The second I knew that COVID had officially killed all our 2020 international travel plans, I knew I had to plan a great adventure that was not only SAFE but was also domestic. With my love for travel, there was no way I was going to be cooped up for months on end this whole year and NOT travel as well. So a two-week road trip along the western coast visiting different National Parks seemed like the most ideal plan since we could be socially distant and outside as much as possible!
Our road trip started in Seattle, Washington, and ended in Malibu, California, and totaled 2,871 miles! We made so many stops along the way at notable destinations like Olympic National Park, Cannon Beach, Redwoods, San Francisco, Yosemite National Park, Big Sur, and more! Our very close friends, Nick and Lindsay, joined my husband and me for the first week of this adventure and they brought SO much joy and laughter along with them.
Day One: Olympic National Park, Washington
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Lake Crescent - The drive from the airport to our first destination, Olympic National Park, was breathtaking! Beautiful mountainous hills and fall colors surrounded us on every corner. After about 2.5 hours of driving and a quick stop to a local grocery store for road trip essentials, we arrived at Lake Crescent. The arrival at Lake Crescent was something that I will always remember. We took a turn around a bend in the road and out of nowhere this beautiful lake was presented to us. All our jaws dropped at the beauty that seemed to have come out of nowhere!
What is Lake Crescent? Lake Crescent is nestled in the northern foothills of the Olympic Mountains and is the second deepest lake in Washington as an official maximum depth of 624 feet. It is known for its vibrant blue waters and exceptional clarity that is caused by lack of nitrogen in the water which inhibits the growth of algae. Residing on the lake itself, is Lake Crescent Lodge where we were fortunate enough to spend our very first evening.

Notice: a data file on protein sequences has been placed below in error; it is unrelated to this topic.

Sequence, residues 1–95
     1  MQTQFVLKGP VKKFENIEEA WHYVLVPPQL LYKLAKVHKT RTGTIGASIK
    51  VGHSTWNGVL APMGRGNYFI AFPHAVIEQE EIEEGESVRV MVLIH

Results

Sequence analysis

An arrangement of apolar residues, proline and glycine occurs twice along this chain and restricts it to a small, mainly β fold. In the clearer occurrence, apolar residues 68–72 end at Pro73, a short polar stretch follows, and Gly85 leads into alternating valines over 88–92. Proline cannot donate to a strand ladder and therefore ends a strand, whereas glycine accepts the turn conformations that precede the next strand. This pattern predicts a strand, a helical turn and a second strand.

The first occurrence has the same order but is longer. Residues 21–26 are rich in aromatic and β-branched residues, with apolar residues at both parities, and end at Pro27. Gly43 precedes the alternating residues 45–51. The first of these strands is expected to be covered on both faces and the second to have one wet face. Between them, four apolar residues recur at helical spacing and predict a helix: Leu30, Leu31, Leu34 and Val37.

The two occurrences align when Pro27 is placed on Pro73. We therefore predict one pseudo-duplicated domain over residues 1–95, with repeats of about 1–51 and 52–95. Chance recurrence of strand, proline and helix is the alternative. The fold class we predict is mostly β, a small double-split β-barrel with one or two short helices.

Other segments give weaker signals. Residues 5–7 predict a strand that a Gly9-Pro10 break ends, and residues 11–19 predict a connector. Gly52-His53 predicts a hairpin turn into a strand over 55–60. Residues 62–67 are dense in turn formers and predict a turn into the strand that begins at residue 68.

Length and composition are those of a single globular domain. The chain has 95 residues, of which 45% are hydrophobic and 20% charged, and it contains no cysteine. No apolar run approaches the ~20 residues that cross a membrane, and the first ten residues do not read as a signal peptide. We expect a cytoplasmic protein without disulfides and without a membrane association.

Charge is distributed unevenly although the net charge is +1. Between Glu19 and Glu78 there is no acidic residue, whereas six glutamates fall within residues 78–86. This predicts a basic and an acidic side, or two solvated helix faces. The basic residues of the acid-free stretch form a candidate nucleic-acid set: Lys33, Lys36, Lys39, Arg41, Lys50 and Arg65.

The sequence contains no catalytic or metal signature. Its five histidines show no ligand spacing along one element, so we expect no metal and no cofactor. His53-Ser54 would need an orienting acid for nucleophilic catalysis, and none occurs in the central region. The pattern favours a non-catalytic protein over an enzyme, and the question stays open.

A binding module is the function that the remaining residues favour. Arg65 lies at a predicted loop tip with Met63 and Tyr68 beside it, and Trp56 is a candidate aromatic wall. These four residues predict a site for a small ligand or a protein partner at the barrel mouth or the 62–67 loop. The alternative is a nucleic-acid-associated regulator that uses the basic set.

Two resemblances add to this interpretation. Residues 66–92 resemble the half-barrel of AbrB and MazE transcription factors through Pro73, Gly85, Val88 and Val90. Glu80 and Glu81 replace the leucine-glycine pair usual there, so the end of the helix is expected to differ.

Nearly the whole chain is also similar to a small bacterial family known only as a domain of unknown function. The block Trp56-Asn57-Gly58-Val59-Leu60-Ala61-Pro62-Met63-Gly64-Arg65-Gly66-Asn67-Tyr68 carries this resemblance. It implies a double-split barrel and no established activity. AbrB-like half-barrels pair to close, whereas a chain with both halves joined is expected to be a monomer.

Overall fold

Day Two: Olympic National Park, Washington
(Hurricane Ridge, Sol Duc Valley & Forks)
Side note: The only downside to visiting Olympic National Park is that driving through the park is not possible, as you can only drive around the park to visit its various locations. The 101 (main highway surrounding the park) is the only road that surrounds the park entirely, so that is the main road we drove during our visit in ONP and is the best way to get around this HUGE park and its various locations.
What is Sol Duc Valley? Sol Duc Valley is named the most beautiful falls in the entire park and is situated just a few miles from Sol Duc Hot Springs Resort and Campground.
What is Forks? Forks, Washington, is a small town that is located right outside of Olympic National Park. It is named after the forks in the nearby Quillayute, Bogachiel, Calawah, and Sol Duc rivers. The town gained popularity in tourism after the book and movie series, Twilight was set in Forks. Twilight tours are available here, but there was no way I was going to convince my friends and husband to take these tours (even though I hate to admit that I am a huge Twilight fan and would have loved to take part in these tours).
Day Three: Olympic National Park, Washington
(Hoh Rainforest, Third Beach, & Forks)